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Case Update

A reminder to be a bit careful about loss of consortium claims in this week's case of Disciplinary Counsel v. IttaItta had taken over a PI case from another lawyer in the firm, and filed suit, including  a loss of consortium claim because the notes indicated the client was married.  Somebody should have talked to the wife, or even the client; turns out that they were separated, and would subsequently divorce.  The client balked at including the wife in the settlement of the PI case, so Itta dismissed her claim with prejudice.  She found out about it, and he got a public reprimand for his troubles.

There were a couple of notable other cases out of the Ohio Supreme Court, one involving a search and seizure, the other charges on lesser included offenses.  I'll discuss both of them in more detail tomorrow.  The US Supreme Court is on spring break -- imagine what those party animals are doing down in Cancun -- but they did have a conference on Friday to consider granting cert in a number of cases, and depending on what they do, I'll have more on that, too.

On to the courts of appeals...

Civil.  6th District says that mistaken second voluntary dismissal -- which acts as adjudication on the merits -- does not afford a basis for a motion to vacate, especially if the same attorney filed the first one... 3rd District holds that plaintiff need not sue employee in tort claim against employer under respondeat superior theory... 3rd District reverses grant of permanent custody to Child Services Board, says mother's use of belt for discipline didn't constitute abuse, in absence of medical testimony that discipline was excessive... 9th District reverses summary judgment in BB gun case, good discussion of primary assumption of risk in recreational activities, especially as it pertains to children... Plaintiff settles case with one defendant, lawyer inadvertently files dismissal with prejudice against all defendants; 1st District agrees that this doesn't constitute "excusable" neglect warranting vacating the dismissals...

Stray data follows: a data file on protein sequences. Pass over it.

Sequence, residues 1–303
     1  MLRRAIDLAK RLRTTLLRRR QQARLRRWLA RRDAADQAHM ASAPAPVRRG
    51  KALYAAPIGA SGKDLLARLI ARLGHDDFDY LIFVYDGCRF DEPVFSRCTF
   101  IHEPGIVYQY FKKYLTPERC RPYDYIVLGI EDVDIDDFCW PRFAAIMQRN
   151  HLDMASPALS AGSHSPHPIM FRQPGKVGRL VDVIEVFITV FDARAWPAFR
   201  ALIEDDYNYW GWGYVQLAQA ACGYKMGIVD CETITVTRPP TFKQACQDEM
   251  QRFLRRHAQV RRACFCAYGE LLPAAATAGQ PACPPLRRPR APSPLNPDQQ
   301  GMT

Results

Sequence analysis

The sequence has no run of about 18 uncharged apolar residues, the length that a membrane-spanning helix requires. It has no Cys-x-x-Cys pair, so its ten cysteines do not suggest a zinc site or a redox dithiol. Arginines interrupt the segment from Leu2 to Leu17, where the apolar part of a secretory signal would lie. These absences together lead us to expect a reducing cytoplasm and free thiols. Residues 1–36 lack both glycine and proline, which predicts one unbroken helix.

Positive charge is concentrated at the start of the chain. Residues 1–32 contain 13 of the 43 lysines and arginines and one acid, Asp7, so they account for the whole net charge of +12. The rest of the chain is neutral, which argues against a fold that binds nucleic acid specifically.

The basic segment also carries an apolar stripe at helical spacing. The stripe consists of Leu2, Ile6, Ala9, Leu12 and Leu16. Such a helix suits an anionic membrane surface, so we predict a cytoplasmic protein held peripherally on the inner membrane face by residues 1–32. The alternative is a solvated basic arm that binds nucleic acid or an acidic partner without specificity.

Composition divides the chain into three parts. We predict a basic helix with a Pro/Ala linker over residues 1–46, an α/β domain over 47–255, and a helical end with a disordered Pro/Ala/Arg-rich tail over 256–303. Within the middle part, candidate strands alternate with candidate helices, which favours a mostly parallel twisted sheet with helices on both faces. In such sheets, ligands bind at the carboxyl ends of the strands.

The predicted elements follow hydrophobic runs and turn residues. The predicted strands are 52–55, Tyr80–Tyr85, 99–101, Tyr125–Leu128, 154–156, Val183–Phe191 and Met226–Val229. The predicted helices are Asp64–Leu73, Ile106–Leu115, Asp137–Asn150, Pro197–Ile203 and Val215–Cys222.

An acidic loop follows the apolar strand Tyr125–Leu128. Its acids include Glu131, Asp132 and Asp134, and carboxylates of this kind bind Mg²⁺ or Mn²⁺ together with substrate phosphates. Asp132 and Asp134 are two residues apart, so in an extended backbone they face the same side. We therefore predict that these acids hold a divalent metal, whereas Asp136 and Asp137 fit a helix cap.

Criminal.  8th District reverses conviction for murder, says court should have charged on lesser included of reckless homicide... 3rd District says probation revocation hearings are not "criminal proceedings, only "substantial proof" is required for revocation, judge's decision reviewable for abuse of discretion... 9th District reverses murder conviction, finds prosecutorial misconduct in giving co-defendant plea deal in which lower prison term was contingent on defendant's conviction... 8th District says that judge's decision to bifurcate murder/weapons disability trial so that he'd decide latter case required compliance with requirements for jury waiver:  in writing, signed by defendant, filed, made part of record, and made in open court...  Ya think?  12th District says officer's observation during traffic stop of cup of beer on console of car gave "sufficient reasonable suspicion of criminal activity to justify further inquiry"... Excellent case from 9th District on protective sweeps, court reverses denial of motion to suppress in case, says can't be justified as standard police procedure...

Hey, I believe him.  In State v. Webster, the 1st District affirmed a 120-day sentence for contempt of court for a defendant who'd been convicted of murder, robbery and kidnapping, because he engaged in an "expletive-laden tirade" immediately before being sentenced to 80 years in prison.  Part of the tirade included the defendant's assertion that he "didn't give a fuck" about being sentenced to the additional 120 days.

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